Purpose. To study melting characteristics and the morphology of human and mouse meibum. Methods. Hot stage cross-polarized light microscopy (HSPM) and immunohistochemical approaches were used. Results. Isolated human meibum, and meibum of mice (either isolated or within the meibomian ducts of mice), were found to be in liquid-crystal state at physiological temperatures. Melting of both types of meibum started at approximately 10°C and was completed at approximately 40°C. Melting curves of isolated meibum and meibum inside the meibomian ducts were multiphasic with at least two or three clearly defined phase transition temperatures, typically at approximately 12 ± 2°C (minor transition), 21 ± 3°C, and 32 ± 3°C, regardless the source of meibum. Melting was highly cooperative in nature. Samples of abnormal human meibum collected from dry eye patients with meibomian gland dysfunction often showed an increased presence of nonlipid, nonmelting, nonbirefringent, chloroform-insoluble inclusions of a protein nature. The inclusions were positively stained for cytokeratins. The presence of these inclusions was semiquantitatively characterized using a newly proposed 0 to 4 scale. In the presence of large amounts of these inclusions, melting characteristics of meibum and its structural integrity were altered. Conclusions. HSPM is an effective tool that is suitable for biophysical and morphological evaluation of meibum. Morphological properties and melting characteristics of human meibum were found to be similar to those of mice. Abnormal meibum of many dry eye patients contained large quantities of nonlipid, protein-like inclusions, which were routinely absent in meibum of normal controls.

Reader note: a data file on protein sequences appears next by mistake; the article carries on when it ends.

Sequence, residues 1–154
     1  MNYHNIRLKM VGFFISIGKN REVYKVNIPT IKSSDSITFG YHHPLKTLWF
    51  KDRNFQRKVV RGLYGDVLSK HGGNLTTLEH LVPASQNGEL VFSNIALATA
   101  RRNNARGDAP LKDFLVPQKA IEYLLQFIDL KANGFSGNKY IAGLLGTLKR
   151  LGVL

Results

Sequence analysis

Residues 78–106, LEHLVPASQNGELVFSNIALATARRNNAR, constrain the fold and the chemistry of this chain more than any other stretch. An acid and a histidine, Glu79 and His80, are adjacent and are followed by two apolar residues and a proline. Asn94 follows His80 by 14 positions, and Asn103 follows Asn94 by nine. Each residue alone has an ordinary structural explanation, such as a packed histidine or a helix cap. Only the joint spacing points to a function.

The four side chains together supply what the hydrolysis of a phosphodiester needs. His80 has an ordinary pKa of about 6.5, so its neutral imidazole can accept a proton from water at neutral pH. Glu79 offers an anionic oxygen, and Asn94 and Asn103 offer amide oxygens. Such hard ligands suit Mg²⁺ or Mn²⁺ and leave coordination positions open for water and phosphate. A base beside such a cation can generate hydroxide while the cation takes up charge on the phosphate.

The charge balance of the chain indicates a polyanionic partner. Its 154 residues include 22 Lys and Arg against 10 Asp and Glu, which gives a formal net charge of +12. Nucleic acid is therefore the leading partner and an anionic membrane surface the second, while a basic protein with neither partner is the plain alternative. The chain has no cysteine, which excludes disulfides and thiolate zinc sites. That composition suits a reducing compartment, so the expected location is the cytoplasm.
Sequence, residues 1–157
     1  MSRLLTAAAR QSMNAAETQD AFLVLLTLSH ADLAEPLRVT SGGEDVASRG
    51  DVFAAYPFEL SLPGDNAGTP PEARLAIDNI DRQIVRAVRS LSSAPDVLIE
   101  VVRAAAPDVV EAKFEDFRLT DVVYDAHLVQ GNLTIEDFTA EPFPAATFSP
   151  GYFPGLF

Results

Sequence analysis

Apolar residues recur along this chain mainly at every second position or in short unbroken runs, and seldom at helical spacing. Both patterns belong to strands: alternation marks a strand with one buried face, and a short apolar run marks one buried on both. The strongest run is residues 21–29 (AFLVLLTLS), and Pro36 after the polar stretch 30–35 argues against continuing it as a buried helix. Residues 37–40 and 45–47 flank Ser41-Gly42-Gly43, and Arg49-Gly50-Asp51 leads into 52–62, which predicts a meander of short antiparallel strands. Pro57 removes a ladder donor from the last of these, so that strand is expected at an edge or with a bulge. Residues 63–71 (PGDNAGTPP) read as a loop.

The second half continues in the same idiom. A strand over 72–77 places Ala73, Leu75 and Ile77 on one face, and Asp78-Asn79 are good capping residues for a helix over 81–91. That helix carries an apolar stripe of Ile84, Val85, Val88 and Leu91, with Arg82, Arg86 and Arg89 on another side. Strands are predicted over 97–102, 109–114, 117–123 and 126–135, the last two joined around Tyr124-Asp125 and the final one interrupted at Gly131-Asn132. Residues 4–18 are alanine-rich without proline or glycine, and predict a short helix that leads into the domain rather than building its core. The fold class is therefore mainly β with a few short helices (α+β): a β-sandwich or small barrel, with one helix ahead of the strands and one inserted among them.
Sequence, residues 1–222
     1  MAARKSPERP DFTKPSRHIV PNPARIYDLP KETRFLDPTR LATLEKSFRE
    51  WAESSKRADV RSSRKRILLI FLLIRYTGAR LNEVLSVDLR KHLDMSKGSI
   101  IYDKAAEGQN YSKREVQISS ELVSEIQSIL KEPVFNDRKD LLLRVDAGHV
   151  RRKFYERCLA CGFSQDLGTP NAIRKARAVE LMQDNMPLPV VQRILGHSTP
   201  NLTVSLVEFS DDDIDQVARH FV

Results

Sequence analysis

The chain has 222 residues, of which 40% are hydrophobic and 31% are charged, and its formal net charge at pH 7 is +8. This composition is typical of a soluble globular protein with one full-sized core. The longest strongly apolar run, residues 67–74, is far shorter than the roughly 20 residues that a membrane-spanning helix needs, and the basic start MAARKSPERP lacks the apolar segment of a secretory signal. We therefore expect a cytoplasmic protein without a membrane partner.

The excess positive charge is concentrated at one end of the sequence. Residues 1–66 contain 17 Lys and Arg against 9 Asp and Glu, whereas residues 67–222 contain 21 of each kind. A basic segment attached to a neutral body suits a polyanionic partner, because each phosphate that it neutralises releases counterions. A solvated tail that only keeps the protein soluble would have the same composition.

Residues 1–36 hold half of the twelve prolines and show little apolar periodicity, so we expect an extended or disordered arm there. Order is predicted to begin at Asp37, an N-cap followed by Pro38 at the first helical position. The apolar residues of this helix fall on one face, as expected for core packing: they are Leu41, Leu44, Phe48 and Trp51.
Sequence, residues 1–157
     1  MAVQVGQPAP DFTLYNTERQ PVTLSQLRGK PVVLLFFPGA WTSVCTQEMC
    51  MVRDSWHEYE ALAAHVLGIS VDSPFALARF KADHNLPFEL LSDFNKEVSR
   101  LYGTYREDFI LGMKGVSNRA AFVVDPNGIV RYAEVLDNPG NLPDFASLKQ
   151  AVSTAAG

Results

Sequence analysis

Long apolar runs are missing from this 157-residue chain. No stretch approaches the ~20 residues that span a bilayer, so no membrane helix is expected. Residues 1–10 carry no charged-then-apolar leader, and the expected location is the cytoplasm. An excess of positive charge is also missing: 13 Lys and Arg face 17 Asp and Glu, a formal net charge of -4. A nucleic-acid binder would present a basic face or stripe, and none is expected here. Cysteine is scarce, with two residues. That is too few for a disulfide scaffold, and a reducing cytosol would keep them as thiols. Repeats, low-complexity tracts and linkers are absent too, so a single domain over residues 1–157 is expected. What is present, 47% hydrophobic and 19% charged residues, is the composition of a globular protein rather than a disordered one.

- Hot stage polarized light microscopy
- Meibomian glands
- Phase transitions
ASJC Scopus subject areas
- Sensory Systems
- Cellular and Molecular Neuroscience